As a new bid for state bonds is launched on Tuesday, Prime Minister Nikola Gruevski argues that they are not being issued to cover a budget crisis.
The rumours that the state budget is so empty that there is no money for the wages for the state administration and for pensions are not true, PM Gruevski said.
“We have no problem at all with the budget deficit,” Gruevski told local media Monday. He argued that the state bonds are a regular thing for managing the ongoing money flow and that the wages and the pensions are not in question.
Gruevski was referring to reports that appeared in several media as speculation climbed in the heat of the presidential and local election. The worries rose last month when the government started issuing state bonds to fill the ongoing gap.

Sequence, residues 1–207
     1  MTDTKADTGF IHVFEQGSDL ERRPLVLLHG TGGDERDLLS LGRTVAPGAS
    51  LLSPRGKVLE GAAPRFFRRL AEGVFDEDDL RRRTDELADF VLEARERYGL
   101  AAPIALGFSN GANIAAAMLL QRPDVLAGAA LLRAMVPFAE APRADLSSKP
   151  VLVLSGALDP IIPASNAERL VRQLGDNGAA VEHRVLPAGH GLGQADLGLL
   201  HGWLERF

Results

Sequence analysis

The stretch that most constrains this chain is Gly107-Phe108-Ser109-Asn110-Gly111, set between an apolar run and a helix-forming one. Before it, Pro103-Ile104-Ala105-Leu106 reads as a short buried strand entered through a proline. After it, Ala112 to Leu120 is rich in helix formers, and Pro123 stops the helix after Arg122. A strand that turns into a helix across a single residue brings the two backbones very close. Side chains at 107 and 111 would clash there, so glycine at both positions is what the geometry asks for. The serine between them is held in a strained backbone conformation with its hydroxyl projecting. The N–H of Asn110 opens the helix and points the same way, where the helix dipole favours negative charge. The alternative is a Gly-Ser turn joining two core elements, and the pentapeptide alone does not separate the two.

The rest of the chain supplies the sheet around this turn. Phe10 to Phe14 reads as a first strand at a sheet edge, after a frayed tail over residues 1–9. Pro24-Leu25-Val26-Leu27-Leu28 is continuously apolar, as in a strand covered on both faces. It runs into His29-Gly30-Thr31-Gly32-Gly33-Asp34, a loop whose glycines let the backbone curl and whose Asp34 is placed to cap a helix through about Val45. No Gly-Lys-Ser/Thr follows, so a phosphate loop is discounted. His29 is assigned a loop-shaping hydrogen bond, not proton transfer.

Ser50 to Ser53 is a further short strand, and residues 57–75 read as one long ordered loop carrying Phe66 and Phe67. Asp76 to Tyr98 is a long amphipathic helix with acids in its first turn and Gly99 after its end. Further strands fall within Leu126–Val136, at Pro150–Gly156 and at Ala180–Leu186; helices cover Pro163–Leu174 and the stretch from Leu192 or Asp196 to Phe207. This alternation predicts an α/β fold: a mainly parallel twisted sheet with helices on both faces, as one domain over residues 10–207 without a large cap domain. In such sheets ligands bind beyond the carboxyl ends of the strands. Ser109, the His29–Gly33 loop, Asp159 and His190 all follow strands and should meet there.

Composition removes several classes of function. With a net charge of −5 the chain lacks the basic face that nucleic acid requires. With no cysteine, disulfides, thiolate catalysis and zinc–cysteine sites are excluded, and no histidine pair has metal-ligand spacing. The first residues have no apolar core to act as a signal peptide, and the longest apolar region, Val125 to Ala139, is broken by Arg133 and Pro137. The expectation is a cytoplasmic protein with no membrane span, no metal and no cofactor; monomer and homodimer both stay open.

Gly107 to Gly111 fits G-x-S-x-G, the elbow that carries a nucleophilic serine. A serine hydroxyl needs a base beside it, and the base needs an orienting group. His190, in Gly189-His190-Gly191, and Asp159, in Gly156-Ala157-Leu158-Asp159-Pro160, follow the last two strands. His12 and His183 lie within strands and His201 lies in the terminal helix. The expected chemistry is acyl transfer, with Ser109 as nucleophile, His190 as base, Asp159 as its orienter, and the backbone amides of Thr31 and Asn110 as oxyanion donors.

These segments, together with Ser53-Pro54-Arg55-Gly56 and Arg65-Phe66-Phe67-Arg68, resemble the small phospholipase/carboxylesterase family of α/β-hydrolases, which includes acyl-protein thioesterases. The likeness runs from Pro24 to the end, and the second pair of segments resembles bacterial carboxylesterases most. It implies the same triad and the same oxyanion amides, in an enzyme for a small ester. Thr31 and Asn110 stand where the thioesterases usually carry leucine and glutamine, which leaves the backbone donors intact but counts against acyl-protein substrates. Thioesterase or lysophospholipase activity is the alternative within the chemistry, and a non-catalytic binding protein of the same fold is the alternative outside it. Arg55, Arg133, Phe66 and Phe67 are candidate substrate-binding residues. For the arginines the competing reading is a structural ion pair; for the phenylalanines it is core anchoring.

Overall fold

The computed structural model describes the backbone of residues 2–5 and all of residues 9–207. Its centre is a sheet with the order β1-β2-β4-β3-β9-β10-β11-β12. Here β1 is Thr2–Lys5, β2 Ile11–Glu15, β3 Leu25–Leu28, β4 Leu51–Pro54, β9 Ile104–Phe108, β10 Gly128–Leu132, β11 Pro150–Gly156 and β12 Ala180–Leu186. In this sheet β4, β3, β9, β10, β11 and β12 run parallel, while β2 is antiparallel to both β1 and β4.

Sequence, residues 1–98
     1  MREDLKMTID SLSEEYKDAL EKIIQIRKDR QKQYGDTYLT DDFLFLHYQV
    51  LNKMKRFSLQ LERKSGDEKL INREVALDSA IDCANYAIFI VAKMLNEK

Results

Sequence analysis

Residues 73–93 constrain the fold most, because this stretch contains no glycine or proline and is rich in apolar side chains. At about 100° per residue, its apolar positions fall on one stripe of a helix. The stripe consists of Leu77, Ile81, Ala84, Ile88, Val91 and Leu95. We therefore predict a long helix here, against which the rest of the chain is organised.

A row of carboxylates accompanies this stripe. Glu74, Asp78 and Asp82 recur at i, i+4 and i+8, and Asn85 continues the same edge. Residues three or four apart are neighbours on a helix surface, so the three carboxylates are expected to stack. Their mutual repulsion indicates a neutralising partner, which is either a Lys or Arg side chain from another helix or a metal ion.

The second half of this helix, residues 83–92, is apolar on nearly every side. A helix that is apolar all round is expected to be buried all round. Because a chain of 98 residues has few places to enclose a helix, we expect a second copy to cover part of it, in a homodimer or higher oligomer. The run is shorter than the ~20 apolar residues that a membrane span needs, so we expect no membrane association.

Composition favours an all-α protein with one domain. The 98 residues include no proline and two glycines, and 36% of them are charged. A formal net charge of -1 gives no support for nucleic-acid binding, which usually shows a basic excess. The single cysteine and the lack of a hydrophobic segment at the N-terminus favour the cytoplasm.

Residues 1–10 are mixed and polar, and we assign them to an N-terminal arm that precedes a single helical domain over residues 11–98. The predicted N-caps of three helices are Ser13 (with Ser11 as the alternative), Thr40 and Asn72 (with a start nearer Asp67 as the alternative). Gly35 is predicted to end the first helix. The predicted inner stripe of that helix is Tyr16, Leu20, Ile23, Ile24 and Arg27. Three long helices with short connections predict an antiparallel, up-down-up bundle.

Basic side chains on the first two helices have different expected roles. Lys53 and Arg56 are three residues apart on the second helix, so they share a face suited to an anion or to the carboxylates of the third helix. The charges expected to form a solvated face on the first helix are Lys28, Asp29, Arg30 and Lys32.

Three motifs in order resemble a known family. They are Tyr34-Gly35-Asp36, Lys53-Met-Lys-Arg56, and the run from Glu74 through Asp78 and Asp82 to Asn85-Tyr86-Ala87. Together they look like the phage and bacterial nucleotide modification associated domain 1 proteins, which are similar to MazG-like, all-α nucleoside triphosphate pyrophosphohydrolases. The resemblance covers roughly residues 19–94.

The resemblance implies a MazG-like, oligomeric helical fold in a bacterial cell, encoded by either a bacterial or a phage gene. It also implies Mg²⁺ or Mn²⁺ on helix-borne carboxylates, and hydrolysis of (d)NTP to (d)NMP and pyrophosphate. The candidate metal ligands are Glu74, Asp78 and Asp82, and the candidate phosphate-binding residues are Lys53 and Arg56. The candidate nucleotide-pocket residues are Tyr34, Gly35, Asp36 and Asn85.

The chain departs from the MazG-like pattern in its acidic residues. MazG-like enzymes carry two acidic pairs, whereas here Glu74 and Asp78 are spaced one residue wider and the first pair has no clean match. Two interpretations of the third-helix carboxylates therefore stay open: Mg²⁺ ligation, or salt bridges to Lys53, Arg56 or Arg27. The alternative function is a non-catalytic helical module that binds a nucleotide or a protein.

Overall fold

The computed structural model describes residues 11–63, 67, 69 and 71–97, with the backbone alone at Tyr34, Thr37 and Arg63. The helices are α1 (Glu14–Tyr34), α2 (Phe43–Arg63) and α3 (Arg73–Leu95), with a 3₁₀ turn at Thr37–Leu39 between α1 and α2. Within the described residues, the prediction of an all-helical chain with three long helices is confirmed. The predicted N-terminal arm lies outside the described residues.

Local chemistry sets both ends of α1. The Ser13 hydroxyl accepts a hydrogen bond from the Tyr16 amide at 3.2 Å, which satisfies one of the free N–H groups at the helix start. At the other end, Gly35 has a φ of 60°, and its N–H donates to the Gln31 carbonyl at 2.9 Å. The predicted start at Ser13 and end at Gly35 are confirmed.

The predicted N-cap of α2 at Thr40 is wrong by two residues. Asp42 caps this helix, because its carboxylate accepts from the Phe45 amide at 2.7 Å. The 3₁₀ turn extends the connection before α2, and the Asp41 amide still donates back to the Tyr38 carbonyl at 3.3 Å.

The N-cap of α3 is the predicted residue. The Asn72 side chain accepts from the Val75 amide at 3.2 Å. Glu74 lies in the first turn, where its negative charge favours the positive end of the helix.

The government is hoping to bring about €45 million into the budget in Tuesday’s bid and is one in several already done. The state sells state bonds every week and offers a monthly interest rate of over 8 percent.
Some experts argue that the interest rate is too high and that this is just going to indebt the country even more at a time when there is a decrease in the budget income from taxes due to the world financial crisis.
Additionally they warn that this step may cause competition to the commercial banks that will have to raise their own interest rates just to stay in competition.
Macedonia’s 2009 budget is record-breaking by its span of around €2.5 billion and by its capital investment side that stands at €500 million.
The government claims that by stimulating capital investment it will keep domestic companies going in times of decreased interest for their works abroad.